Apple is being sued to help the US Government gain access to a terrorist’s phone and Apple says, “No.” What is it that Apple values? Who are they accountable to?
Apple insists that if they help the government gain access to the terrorist’s phone that the same expertise could be used to gain access to any phone. If we make decisions based on what could happen rather than the facts of the situation we’re making a big mistake. Is the possibility of secret technology getting out more important than the possibility of saving a human life?
Since when is helping the government solve a crime a threat to human rights and personal security? Where is the value of human life?
We think our privacy is at stake when our privacy has long been gone. Google President Sundar Pichai supports Apple, but Google already knows where I go, when I go, what I buy, whom I like to check out on the internet and much much more. Credit card companies have long known everything that I buy, what my tastes are and where I shop. They can probably predict where I’ll be shopping two Saturdays from now at 1:00 in the afternoon. My privacy is long gone.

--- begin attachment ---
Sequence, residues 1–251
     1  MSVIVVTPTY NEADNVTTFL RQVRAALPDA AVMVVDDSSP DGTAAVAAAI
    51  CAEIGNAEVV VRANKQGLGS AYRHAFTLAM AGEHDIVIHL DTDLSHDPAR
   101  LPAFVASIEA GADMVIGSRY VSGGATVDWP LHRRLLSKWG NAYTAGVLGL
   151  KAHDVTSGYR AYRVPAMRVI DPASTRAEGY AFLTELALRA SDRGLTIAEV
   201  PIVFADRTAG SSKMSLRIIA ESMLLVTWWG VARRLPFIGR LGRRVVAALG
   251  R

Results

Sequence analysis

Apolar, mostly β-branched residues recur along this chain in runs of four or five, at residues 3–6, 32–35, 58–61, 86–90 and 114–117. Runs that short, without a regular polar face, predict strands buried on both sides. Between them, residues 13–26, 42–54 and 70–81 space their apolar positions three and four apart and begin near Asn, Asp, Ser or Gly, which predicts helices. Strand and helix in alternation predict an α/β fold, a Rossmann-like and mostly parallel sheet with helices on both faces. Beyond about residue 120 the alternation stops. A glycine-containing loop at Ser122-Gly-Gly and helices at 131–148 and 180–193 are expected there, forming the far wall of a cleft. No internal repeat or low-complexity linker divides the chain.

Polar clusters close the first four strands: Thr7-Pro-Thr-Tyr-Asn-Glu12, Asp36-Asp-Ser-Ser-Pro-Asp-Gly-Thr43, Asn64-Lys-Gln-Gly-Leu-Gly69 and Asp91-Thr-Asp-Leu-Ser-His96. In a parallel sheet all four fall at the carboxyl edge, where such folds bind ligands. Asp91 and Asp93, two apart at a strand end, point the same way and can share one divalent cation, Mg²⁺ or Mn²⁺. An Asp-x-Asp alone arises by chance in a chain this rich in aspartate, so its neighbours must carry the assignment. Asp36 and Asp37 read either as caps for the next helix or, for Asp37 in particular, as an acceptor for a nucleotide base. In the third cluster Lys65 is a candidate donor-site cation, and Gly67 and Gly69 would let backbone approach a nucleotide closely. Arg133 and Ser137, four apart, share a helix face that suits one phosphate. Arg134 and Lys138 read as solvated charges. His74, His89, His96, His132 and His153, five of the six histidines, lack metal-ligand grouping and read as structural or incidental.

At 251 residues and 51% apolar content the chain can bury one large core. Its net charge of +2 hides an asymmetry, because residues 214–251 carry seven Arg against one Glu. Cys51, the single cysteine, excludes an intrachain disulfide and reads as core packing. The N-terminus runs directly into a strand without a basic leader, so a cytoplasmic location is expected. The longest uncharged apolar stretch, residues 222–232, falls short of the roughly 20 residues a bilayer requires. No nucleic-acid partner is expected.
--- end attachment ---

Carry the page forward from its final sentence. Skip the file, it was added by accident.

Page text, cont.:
And, we don’t know if some person or another government hasn’t already figured out a back door to our phones, computers and our garage door openers.
Apple should step up and help the government with this phone. If the problem is the government using the All Writs Act, then the government and Apple should find another way. If Apple is worried about sharing information about their systems and proprietary information, then get over it. Bring the phone in house, open it up, give the information to the FBI and move on. End of story.
Apple can protect all of their customer’s privacy and at the same time potentially save one or even many lives. This shouldn’t even be an issue. So, what does Apple value?